COVID-19 Claims The Lives Of Countless Artists


Ellis Marsalis performs at the New Orleans Jazz & Heritage Festival on May 7, 2017.

(Photo: Erika Goldring)

The following serves as a tribute to the musicians we have lost to the coronavirus pandemic. COVID-19 was a factor in the recent demise of each of the following artists.

Ellis Marsalis, the patriarch of a famous New Orleans family that has produced some of the top bandleaders and trendsetters in jazz, suffered COVID-19 symptoms and was awaiting test results when he died April 1. He was 85. Highly regarded as a pianist and educator, Marsalis was enshrined as an NEA Jazz Master along with his sons Wynton, Branford, Delfeayo and Jason in 2011.

In addition to playing on several of his sons’ albums, he also recorded many discs as a leader, including Ellis Marsalis Trio (1991), Whistle Stop (1994) and On The First Occasion (2013).

Marsalis was born in New Orleans in 1934. After earning a B.A. in music education from Dillard University in 1955, he played modern jazz with local colleagues until enlisting in the Marine Corps the following year. He soon became a member of the Corps Four, a Marines jazz quartet that performed on TV and radio to boost recruiting efforts.

In the 1970s, Marsalis studied music education at Loyola University, eventually earning a master’s degree. In 1974, he became the director of jazz studies at the New Orleans Center for Creative Arts high school, mentoring such artists as Reginald Veal, Terence Blanchard and Harry Connick Jr. After three years teaching at Virginia Commonwealth University in Richmond, he joined the faculty of the University of New Orleans, where he spent 12 years heading the jazz studies department. To celebrate his retirement in 2001, the entire Marsalis family performed together, as heard on the live recording The Marsalis Family: A Jazz Celebration.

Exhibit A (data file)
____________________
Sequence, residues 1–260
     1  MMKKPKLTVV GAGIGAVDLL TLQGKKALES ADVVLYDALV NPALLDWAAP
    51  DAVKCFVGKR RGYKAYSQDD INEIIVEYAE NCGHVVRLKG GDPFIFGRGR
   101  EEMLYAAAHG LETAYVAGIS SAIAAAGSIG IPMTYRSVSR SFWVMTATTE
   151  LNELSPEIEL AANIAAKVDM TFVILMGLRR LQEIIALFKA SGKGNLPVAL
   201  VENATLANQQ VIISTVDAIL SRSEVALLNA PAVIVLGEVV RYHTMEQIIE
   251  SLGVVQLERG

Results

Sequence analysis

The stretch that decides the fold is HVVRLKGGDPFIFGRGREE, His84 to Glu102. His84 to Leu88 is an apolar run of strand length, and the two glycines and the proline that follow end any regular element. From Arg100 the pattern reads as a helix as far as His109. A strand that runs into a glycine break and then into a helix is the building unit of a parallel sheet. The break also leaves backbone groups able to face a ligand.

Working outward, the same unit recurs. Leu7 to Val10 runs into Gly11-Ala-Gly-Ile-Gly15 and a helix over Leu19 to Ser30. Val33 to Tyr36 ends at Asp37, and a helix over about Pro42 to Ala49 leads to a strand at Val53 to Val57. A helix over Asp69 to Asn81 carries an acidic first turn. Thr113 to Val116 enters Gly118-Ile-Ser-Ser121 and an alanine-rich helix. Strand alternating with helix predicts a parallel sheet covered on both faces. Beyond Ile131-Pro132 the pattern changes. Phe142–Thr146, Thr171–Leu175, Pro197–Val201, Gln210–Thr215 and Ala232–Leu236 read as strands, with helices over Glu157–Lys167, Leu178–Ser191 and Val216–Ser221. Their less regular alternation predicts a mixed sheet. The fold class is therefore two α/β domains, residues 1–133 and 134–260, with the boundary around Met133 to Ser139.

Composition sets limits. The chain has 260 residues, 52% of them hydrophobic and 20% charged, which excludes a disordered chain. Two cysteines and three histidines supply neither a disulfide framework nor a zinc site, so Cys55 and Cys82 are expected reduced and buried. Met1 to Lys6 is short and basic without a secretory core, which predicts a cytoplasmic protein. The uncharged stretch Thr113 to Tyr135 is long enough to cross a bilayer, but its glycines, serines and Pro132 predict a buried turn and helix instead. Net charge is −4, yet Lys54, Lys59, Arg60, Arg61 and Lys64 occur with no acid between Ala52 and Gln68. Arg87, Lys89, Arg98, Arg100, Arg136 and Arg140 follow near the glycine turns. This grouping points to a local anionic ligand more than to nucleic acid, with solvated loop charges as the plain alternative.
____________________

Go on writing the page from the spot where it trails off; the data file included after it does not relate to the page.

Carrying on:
Alto saxophonist Lee Konitz died April 15 in New York from complications caused by pneumonia and COVID-19. He was 92. An NEA Jazz Masters fellow and a member of the DownBeat Hall of Fame, the Chicago-born Konitz was revered for his work alongside Miles Davis on a series of 1949 and 1950 nonet recordings that eventually were compiled into the landmark 1957 album Birth Of The Cool.Konitz would go on to record dozens of albums during a career that spanned nine decades. Subconscious-Lee, an early leader date that featured pianist Lennie Tristano, exhibited a bebop influence, even as the saxophonist helped to define the “cool” sound that would rise to prominence on the West Coast.

In a 2017 interview with DownBeat, Konitz discussed a concept that he’s closely associated with: the contrafact, a musical work based on an earlier composition. “That’s a technique I just picked up along the way from whoever invented it, whether it was Bird or whoever,” he said. “I thought it was a legitimate addition to the vocabulary. I consider it equivalent in some way to adding homemade lyrics to a melody that you could deliver the standard changes on. But then you change them somehow.”

Bassist Henry Grimes passed away April 15 at age 84. His death was attributed to complications from COVID-19. The Juilliard-trained Grimes worked with Konitz, Thelonious Monk, Charles Mingus and Cecil Taylor, among others.

Grimes’ leader debut, The Call, was released in 1965, but after a prolific period in New York early in the decade, he relocated to Los Angeles in 1968. Finding little work, he dropped out of the music scene altogether. In 2002, a social worker tracked down Grimes, who didn’t own an instrument at the time. William Parker eventually gave him a bass, setting in motion one of the more intriguing comebacks in jazz history. Grimes went on to play hundreds of concerts, and appeared on Spirits Aloft, a 2010 duo project with drummer Rashied Ali, as well as guitarist Marc Ribot’s 2014 album, Live At The Village Vanguard.

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